Patching or updating software is usually an effective way to remove
vulnerabilities, but there are often other ways to reduce risk. We
promote a comprehensive approach that includes following best
practices, making configuration or architecture changes, and applying
workarounds. In some cases, these strategies provide better long-term
vulnerability reduction than simply patching or updating.
Our vulnerability remediation process involves four basic
steps. However, we handle each vulnerability on a case-by-case basis,
so the timeframe and cycle may vary.
- Collection - We collect vulnerability reports in two ways:
monitoring public sources of vulnerability information and processing
reports sent directly to us. After receiving reports, we perform an
initial surface analysis to eliminate duplicates and false alarms, and
then catalog the reports in our database.
- Analysis - Once the vulnerabilities are cataloged,
we determine general severity, considering factors such as the number
of affected systems, impact, and attack scenarios. Based on severity
and other attributes, we select vulnerabilities for further
analysis. Our analysis includes background research, runtime and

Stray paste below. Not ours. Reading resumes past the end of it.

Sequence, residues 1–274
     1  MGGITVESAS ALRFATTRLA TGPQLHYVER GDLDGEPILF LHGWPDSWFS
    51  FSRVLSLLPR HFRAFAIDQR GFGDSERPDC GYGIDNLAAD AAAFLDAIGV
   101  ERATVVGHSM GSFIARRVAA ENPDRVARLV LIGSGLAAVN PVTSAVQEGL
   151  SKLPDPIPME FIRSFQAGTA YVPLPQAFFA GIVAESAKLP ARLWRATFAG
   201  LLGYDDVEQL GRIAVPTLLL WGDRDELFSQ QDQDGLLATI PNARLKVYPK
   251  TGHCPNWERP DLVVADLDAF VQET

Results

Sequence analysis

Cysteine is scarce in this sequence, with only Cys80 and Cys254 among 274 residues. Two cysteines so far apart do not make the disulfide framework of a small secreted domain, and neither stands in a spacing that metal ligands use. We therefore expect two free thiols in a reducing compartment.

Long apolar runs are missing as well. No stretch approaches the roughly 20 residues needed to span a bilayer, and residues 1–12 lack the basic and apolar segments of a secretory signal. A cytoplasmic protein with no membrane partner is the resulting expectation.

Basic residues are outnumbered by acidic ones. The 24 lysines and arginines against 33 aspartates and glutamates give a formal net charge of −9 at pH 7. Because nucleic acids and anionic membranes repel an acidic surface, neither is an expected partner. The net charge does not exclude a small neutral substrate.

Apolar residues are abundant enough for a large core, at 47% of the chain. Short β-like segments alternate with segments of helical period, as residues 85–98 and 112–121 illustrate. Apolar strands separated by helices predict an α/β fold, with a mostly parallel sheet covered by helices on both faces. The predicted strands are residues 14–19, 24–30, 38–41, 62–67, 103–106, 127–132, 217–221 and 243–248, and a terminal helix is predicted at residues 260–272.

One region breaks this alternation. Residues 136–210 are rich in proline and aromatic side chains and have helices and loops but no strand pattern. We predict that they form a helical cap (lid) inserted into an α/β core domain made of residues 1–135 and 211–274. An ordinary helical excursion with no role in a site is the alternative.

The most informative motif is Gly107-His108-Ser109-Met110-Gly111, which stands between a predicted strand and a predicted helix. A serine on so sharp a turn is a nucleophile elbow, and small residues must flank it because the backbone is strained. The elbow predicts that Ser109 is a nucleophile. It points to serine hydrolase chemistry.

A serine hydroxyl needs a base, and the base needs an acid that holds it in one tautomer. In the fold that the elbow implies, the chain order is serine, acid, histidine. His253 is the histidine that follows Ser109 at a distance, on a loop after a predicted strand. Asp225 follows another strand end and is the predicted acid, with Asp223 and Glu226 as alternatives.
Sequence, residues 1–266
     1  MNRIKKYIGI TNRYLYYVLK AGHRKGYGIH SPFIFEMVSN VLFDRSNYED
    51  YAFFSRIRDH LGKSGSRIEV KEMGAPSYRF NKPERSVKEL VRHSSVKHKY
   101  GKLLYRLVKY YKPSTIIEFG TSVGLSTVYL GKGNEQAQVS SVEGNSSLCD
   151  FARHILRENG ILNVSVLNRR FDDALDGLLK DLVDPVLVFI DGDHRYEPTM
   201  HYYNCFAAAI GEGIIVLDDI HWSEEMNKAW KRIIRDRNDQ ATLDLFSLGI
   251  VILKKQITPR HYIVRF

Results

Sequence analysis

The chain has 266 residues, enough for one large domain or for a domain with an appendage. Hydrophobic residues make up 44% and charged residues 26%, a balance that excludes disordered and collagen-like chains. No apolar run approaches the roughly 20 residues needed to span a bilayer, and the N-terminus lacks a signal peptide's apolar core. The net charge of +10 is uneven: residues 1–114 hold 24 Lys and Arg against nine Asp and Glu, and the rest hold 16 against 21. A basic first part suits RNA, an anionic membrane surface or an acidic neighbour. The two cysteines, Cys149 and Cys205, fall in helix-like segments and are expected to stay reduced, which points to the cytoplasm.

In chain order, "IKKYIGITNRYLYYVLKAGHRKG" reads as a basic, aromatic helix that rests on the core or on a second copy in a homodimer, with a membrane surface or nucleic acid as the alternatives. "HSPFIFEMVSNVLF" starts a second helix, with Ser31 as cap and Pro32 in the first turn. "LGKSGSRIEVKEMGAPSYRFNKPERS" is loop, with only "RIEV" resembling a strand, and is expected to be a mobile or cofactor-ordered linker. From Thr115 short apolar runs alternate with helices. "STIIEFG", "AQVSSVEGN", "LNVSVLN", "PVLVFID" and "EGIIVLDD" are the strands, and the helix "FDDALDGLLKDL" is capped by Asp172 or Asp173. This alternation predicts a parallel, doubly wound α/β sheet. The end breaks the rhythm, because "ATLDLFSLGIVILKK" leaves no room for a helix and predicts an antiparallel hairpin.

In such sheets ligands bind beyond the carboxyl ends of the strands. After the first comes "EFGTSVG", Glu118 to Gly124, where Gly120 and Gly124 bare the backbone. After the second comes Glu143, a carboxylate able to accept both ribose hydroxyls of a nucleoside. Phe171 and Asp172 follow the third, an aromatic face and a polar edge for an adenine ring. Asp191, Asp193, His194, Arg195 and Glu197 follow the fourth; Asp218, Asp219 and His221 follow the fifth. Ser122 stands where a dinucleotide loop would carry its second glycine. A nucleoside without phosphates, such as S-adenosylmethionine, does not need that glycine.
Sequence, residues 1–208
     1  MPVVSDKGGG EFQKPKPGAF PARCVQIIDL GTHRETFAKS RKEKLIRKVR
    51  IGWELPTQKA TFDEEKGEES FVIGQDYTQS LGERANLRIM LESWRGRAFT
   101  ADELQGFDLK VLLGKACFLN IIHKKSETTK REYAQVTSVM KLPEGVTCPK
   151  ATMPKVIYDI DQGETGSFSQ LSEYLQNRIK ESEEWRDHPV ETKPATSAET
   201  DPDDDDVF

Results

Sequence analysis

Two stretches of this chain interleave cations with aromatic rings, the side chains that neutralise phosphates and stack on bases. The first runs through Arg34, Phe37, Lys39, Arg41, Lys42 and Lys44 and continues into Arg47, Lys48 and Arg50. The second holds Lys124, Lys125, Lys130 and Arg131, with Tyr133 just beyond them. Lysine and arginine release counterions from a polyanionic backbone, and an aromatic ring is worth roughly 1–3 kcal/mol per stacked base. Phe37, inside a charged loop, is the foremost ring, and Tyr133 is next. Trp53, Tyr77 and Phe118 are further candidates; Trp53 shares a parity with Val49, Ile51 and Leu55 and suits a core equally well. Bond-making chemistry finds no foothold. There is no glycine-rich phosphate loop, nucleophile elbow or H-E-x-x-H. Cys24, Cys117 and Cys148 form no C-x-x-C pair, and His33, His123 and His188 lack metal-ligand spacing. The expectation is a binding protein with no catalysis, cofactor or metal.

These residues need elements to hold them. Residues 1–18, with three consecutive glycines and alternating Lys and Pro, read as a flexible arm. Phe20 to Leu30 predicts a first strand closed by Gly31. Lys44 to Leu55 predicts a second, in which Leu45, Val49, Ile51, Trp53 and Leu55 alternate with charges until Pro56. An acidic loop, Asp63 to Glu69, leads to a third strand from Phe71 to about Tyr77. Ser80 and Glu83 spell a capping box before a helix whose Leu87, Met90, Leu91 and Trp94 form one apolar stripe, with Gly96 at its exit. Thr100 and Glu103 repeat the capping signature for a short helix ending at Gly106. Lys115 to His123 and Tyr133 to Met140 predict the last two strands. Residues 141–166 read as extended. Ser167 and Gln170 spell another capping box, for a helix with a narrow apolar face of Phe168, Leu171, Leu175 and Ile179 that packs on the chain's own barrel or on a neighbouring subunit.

static analysis, reproduction in our test facilities, and consultation
with vendors and other experts.
- Coordination - When handling direct reports, we work
privately with vendors to address vulnerabilities before widespread
public disclosure. We have established, secure communication channels
with hundreds of technology producers, both directly and through
relationships with computer security incident
response teams (CSIRTs) all over the world. We have years of
experience successfully coordinating responses to vulnerabilities that
affect multiple vendors.
- Disclosure - After coordinating with vendors, we
take steps to notify critical audiences and the public about the
vulnerabilities. To the best of our ability, we produce accurate,
objective technical information focused on solutions and mitigation
techniques. Targeting a technical audience (administrators and others
who are responsible for securing systems), we provide sufficient
information to make an informed decision about risk.
Our vulnerability analysis is incorporated into some of US-CERT's documents: